Juvenile Idiopathic Arthritis (JIA), also sometimes called Juvenile Rheumatoid Arthritis (JRA) or Juvenile Chronic Arthritis (JCC), affects about 1 in 1000 children in the UK. It is a chronic condition that causes joint inflammation, pain, swelling, redness, and stiffness. It may also affect the eyes and internal organs. About one-fifth of those with JIA have an enlarged spleen.
There are three main types of Juvenile Idiopathic Arthritis:
Pauciarticular or Oligoarticular – about 50%. It affects four or less joints and is most common in girls less than 8 years old.
Polyarticular – about 30%. It affects five or more joints, especially in the hands and feet but also other larger joints.
Systemic – about 20%. It affects both joints and internal organs. Children with this type may have frequent fevers and rashes that can come and go rapidly. Also known as Still’s disease.
Each patient’s symptoms will differ and will frequently change over time, with flare-ups and remissions. In a few children the symptoms may be persistent, in a few others they may permanently disappear.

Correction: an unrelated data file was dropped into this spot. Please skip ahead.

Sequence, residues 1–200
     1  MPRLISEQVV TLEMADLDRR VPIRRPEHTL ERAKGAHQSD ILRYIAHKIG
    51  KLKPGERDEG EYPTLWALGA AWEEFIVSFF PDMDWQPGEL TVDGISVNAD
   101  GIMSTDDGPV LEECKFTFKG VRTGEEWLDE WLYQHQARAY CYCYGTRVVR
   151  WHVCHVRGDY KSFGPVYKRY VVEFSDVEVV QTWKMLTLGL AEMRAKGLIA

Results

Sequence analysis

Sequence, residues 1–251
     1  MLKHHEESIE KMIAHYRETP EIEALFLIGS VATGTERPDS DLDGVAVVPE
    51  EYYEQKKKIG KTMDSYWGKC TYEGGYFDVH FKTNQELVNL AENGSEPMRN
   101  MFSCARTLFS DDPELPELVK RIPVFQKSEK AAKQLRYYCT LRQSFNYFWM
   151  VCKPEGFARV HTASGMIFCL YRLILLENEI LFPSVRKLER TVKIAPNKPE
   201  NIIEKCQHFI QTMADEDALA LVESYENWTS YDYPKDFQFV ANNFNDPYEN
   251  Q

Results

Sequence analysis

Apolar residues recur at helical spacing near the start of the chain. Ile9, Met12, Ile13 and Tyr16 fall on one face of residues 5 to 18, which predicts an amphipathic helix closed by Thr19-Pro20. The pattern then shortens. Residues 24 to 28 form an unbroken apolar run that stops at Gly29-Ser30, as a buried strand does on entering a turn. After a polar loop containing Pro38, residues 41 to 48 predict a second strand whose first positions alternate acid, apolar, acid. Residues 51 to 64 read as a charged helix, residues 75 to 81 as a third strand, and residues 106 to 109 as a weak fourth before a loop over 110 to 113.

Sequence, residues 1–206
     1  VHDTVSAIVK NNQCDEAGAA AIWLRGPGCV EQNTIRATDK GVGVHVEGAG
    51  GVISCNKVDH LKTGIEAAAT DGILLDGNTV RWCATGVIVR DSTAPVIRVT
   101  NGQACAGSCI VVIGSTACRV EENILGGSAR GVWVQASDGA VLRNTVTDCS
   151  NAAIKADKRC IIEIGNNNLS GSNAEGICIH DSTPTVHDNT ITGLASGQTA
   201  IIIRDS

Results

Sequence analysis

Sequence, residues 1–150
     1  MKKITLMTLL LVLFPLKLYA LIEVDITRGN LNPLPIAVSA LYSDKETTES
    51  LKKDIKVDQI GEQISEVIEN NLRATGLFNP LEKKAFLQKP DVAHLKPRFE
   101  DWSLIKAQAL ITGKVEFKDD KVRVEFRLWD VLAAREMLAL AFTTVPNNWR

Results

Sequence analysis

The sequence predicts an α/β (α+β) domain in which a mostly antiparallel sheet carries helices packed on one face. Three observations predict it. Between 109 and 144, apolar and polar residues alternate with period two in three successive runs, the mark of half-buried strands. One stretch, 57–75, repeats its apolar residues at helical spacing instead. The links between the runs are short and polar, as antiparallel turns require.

Doctors consider the diagnosis of JIA in patients who have had symptoms for at least 6 weeks. These symptoms may include morning stiffness, limping, reluctance to move an affected joint, joint pain and swelling. Patients with systemic JIA may have intermittent fever, rash, swollen lymph nodes, and in some cases liver, spleen, and (very rarely) lung involvement. Complications of JIA may include eye inflammation and problems related to joint growth. The disease may cause the affected joints to grow either too quickly or too slowly, causing one arm or leg to be shorter or longer than the other. It may also cause uneven growth in the joint itself. General growth may also be affected by JIA.